While I never intentionally delved into the art of photography, I found myself immersed in it. From Film School training, to filling in for a missing photographer at a cosplay shoot, I began to appreciate the quiet art of photography.
Believe it or not, I became rather camera shy in my Middle and High School years. While I used to act in Elementary school, I soon became more comfortable in working ‘behind stage’ so to speak, particularly due to my lack of confidence in my appearance. But I began to cosplay, I found myself wanting to take pictures. So I did and… I felt that something was missing. I was wearing something tailored for me, make up done up, so what was… Oh right, the camera. Slowly, I began to want to learn how to look better in pictures and pose in my costumes with that ‘one-great-look’ that I found in the mirror one day. I started to ask, “How does a camera really work?” “Is there a trick to getting good pictures?”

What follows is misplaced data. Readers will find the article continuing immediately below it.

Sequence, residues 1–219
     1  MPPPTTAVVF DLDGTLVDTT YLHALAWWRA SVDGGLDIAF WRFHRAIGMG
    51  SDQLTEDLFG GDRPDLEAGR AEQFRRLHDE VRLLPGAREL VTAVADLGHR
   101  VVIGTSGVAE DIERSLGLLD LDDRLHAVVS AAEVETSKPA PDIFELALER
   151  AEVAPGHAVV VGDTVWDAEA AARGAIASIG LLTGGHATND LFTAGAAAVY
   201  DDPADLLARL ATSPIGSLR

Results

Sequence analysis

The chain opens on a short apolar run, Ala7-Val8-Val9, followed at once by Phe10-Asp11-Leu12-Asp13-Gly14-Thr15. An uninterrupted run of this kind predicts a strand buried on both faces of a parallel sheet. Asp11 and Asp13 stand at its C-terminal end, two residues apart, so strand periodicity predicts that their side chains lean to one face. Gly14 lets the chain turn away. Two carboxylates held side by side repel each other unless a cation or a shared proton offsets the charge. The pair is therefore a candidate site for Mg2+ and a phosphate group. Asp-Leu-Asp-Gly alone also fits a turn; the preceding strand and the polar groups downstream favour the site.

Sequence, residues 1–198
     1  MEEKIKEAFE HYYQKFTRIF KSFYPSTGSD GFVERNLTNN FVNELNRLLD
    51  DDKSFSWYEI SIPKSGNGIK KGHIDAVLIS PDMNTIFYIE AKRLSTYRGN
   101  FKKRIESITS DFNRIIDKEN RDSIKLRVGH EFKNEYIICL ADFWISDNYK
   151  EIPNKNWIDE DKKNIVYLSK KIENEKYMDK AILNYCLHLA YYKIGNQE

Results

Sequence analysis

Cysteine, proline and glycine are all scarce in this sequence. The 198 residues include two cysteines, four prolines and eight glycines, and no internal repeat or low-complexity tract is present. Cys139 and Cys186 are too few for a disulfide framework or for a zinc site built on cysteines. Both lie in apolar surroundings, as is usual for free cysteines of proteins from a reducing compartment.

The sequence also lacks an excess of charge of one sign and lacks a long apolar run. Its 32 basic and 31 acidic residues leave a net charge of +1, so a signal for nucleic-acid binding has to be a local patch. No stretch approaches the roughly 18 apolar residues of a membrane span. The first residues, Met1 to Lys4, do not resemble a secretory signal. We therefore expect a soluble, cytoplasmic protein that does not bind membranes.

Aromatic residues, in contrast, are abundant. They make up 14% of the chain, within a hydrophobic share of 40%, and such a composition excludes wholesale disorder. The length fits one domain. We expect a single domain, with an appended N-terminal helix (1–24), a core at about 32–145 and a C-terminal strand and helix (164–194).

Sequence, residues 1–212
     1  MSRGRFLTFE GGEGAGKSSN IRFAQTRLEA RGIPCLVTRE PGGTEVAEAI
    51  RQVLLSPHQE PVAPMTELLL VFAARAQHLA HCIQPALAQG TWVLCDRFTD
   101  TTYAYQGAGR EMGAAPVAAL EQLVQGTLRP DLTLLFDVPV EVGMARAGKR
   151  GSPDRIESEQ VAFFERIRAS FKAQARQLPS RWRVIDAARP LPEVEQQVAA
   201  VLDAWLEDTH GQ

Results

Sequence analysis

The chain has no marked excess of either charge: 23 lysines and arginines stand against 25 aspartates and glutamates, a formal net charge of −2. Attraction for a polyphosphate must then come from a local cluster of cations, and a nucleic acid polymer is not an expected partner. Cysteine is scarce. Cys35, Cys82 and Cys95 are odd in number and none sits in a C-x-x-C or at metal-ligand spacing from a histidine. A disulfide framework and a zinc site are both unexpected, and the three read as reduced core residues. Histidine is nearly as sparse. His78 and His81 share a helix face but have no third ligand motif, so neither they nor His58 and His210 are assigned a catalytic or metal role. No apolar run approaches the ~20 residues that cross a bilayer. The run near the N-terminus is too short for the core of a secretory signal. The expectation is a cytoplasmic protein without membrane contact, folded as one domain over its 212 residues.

I started to play around with lighting, background, composition, and angling. Mostly at the time I was acting as the model. I just took note of what looked good, what didn’t, what we did with one photo, what we did with another, etc. It was a lot of trial and error. At the same time that I was getting into cosplay though, I was going to college for Film. Enter the rule of thirds (among other great tricks used by cinematographers). My professors would teach me how to get a ‘good shot’ in film. They taught me what detracted, what enhanced, and how changing various elements could help me get the shots that I wanted. And as they taught me, I started to see how what they were teaching also carried through to photography, both in my own modeling experiences as well as photography done by others.